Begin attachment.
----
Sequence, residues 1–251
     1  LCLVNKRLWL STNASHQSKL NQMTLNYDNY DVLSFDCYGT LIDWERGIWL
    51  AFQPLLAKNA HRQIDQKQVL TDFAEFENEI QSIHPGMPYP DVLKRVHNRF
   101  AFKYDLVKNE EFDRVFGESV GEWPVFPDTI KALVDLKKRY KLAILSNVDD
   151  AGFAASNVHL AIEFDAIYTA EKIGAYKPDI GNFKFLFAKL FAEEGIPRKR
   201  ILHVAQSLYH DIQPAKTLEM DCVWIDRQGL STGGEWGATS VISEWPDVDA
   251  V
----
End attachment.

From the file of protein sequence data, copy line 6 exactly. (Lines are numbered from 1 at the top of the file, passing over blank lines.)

   201  ILHVAQSLYH DIQPAKTLEM DCVWIDRQGL STGGEWGATS VISEWPDVDA